Tag Archives: Off leash Dog areas

Spoiled Dogs!

Ready for the Dog ParkSpoiled? My dogs? Nah….

Last weekend we embarked on a new type of vacation. A trip dedicated to travel with our dogs. They are old enough to have reliable good manners and can be trusted not to chew up the decor at the hotels!

We did select a dog friendly place to stay in Oak Harbor. I was pleasantly surprised to see how many places are listed as “pet friendly” when searching the internet. For those of you wishing to plan a get away with your pets, check out sites like www.bringfido.com . Lots of options are listed no matter where you intend to roam. The most important parts were the reviews and comments from happy pet owners.

So are my two Norwegian Elk hounds truly spoiled? I certainly did enter them in the “Spoiled Dog” contest! Our travels on Whidbey Island lead us back to a winery by that name that we’d discovered on a previous, “BP” (Before Pups) trip two years ago.  We’d enjoyed their Pinot varieties especially and were back to ensure a purchase of their lovely dry Pinot Rose before it sold out this season.

Yes, we planned an entire vacation around two pups! That is what parents do when traveling with children or grand-kids if they want to enjoy the trip. Plan ahead, make good choices and spend the time relaxing and enjoying….not struggling against situations that are fraught with peril from the get-go.

For dog owners lucky enough to live in the Pacific Northwest, it is a true paradise of pooch playgrounds!  Seattleites love their dogs! The numbers available confirm it. There are now more dogs in Seattle than children, by a lot: about 153,000 dogs to 107,178 kids, according to figures from the U.S. Census and the Seattle Animal Shelter. The area’s canine oriented facilities certainly bear out this. One can’t sling a dead cat (apologies to cat owners for the bad pun!) without hitting a “Doggie Daycare” or” Pet Parlor” these days.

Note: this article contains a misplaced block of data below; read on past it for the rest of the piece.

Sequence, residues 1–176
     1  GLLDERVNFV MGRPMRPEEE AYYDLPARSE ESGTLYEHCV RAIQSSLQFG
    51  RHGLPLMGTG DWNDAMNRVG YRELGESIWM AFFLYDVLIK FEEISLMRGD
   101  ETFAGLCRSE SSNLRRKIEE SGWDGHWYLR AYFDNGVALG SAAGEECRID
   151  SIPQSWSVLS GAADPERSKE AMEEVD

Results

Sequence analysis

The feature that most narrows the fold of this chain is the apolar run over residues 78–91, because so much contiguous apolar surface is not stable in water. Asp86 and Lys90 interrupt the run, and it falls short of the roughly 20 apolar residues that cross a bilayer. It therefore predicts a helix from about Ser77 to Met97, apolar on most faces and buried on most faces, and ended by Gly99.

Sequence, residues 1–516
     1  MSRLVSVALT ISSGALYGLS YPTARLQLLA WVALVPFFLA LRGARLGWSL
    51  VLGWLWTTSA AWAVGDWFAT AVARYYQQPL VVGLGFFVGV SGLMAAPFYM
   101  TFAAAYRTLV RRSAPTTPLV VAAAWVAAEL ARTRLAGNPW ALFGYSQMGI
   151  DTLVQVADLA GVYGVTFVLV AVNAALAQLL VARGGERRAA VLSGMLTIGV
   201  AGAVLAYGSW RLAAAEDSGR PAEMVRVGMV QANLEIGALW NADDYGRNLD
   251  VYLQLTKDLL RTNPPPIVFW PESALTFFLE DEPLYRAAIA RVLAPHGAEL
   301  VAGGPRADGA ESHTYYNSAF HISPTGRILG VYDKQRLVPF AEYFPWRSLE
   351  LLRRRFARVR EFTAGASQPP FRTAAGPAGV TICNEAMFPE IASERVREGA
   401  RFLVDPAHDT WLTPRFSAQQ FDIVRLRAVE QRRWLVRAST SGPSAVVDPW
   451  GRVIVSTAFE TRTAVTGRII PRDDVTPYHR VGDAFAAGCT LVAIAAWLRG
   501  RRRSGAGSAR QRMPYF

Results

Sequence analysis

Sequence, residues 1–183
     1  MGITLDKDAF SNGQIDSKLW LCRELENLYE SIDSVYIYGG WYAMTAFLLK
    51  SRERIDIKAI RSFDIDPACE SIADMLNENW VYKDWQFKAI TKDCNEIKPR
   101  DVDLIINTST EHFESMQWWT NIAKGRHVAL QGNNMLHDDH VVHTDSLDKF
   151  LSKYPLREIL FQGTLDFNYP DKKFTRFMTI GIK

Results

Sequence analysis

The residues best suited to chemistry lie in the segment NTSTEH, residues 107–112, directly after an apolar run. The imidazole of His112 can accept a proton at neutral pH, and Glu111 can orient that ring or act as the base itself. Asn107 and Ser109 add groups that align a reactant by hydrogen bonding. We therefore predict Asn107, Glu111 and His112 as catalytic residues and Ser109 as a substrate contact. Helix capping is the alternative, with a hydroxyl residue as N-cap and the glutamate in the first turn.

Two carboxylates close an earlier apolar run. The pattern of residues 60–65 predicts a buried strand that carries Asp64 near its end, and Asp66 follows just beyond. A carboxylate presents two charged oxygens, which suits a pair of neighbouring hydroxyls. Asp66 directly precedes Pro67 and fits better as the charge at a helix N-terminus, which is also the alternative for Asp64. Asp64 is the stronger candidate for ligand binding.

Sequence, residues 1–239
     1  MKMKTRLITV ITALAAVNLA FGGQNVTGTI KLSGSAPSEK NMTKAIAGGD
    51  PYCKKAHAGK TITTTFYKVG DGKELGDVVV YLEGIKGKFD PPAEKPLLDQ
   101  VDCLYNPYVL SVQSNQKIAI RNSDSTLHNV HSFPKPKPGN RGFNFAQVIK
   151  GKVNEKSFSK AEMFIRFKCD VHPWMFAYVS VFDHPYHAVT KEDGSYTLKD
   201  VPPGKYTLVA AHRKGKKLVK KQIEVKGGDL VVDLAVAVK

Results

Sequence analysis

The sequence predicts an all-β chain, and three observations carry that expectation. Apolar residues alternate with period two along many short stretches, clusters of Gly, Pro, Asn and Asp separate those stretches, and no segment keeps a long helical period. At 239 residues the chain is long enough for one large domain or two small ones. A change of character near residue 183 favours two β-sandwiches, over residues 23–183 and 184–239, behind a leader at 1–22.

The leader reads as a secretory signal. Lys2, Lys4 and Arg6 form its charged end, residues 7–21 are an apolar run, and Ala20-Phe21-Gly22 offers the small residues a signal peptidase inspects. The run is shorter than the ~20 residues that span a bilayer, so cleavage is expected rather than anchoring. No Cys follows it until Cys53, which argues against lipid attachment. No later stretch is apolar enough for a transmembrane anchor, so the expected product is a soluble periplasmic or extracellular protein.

I want you to know there are at least six Off Leash dog areas on Whidbey Island alone.  There is a non-profit organization called FETCH- (Free Exercise Time for Canines and their Humans!)that maintains five of these parks. See www.fetchparks.org.  We hit them all and went back for a few extra visits to the pup’s favorite one, the Patmore Pit! This off leash area is 40 acres of open grassland dotted with lush islands of brush and trails through the trees on the outer edges. Our female pup, Elki was in dog heaven as she romped through the bushes, struggling out the other side with vines and branches trailing behind her. Her brother Gordon seemed content to follow her lead or possibly just couldn’t keep up with her pace. She is lighter than he by about 20 pounds and she can run circles around him on most outings.

When we finally could coax our cavorting canines back to the car our boy would flop on the back seat to nap. His sister was doing a great imitation of the scene in “Foot Loose” where the troubled teen daughter of the local preacher is hanging out of her boyfriend’s truck with her hair streaming in the wind. Elki struck a similar pose sticking out the window as far as she could squeeze her head and front paws, barking “Yippee”. She was on the look for the next opportunity to run wild and free. We wondered if she’d ever truly get tired.

I will say that when we settled in for the evening that Elki was so deeply asleep she was snoring! This is the pup that usually sleeps with one ear cocked so as not to miss a single sound.